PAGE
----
The events transpire mainly on Skull Island, as you wade through water, navigate through miles of jungle, kill an assortment of dinosaurs and insects, and find levers so you can advance to the next zone. This last feature, while understandable within the confines of a video game, most certainly appeared nowhere in the movie. It is acceptable to a point, but after my 12th time finding a spear and a fire so that I could burn some bushes to get to a lever, the exercise got a bit tedious. Likewise, the Kong sequences, which were initially very exciting (and stayed that way for much longer than the Driscoll sequences) became old hat well before the end of the game. Grab Ann. Run and jump around. Set Ann down. Pick up a boulder and smash a door. Grab Ann. Run and jump around.
Ultimately, this is not a short game. For the level of variety the game presents (which is to say, very little) it really should have been hours shorter. I found myself killing beast after beast, running through the levels and hoping I would be done soon. It's not that I didn't initially enjoy the experience, but the game had no real sense of progress. As Kong, you might find yourself killing one T-Rex, then some villagers, then three T-Rexes in the next level, then off to some Pterodactyl type creatures, only to return to killing just two T-Rexes in a later level.
As in the movie, New York seems like an afterthought. After 7 hours on Skull Island, a ten-minute run through the streets and a two-minute climb up the Empire State Building (where your only goal before the game ends is to die) do not constitute a satisfactory ending.
The game has an interesting approach to replayability - after you have completed it once, you can replay for "points." Points are rewarded for completing levels and killing beasts, but taken away each time you die and, interestingly, every time you use a weapon. But while shooting a gun costs fifty points, using a spear only costs ten. Gamers who enjoy playing a game until it is 100% complete might find this a fun challenge. These points unlock game modes, including a very cool "Old Movie" mode that casts the game in black and white and a horizontal flip (in case you want to be left-handed and run the maps backwards). They unlock photo galleries and trailers and ultimately an ending where, with the help of Driscoll, King Kong meets a very different fate.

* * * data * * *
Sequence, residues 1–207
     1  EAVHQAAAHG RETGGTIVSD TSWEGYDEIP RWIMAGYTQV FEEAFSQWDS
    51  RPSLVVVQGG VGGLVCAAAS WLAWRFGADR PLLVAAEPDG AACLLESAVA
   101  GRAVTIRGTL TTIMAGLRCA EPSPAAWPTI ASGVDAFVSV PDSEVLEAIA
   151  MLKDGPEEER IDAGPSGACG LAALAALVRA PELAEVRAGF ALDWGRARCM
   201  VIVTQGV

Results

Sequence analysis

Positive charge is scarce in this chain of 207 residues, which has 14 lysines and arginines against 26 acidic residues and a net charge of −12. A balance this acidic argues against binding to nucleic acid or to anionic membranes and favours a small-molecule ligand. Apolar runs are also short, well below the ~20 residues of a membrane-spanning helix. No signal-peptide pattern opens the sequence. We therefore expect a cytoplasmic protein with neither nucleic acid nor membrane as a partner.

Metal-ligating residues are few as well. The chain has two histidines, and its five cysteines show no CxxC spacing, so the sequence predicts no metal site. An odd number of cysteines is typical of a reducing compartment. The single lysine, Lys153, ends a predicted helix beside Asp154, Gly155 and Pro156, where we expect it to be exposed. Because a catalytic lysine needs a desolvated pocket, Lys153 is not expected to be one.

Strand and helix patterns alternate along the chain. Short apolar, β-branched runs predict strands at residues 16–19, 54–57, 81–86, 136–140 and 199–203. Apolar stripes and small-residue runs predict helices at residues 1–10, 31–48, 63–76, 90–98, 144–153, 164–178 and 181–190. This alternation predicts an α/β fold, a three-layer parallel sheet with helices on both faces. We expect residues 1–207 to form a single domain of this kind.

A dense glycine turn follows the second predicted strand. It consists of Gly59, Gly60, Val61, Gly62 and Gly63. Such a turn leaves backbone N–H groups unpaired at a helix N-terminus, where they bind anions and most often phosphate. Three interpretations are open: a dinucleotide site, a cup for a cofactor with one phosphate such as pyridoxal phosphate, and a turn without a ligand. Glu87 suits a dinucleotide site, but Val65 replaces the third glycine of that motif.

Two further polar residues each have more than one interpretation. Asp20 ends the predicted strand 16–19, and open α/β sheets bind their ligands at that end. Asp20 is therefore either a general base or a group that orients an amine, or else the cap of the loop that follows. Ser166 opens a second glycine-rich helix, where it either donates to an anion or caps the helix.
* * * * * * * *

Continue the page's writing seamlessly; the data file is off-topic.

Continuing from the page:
As I mentioned, King Kong is a beautiful game, even on my non-360-style Xbox. The events prior to Skull Island happen in 5 minutes (something I wish Jackson would have taken to heart when cutting the movie). The design is unique, and the gameplay elements (no HUD, playing as both Driscoll and Kong) make for a fun initial experience. The game suffers, however, in its length and repetition: those same things that were new and fresh 4 hours ago suddenly seem like fluff to lengthen the game's play-time. If you are a true fan of the movie (if, for instance, you bought Peter Jackson's Production Diaries because you just had to have every tidbit of information you could get your ape-loving hands on) you will probably like this game quite a bit. Others may find themselves putting the game in to marvel at the graphics, and then quickly wishing it was much, much shorter. It isn't the gameplay or graphics. It's languishing in the gameplay and the graphics that kills the game.
[i]Peter Jackson's King Kong: The Official Game Of The Movie[/i]
Release Date: November 2005 (Xbox/Xbox 360/PS2/Gamecube/PC)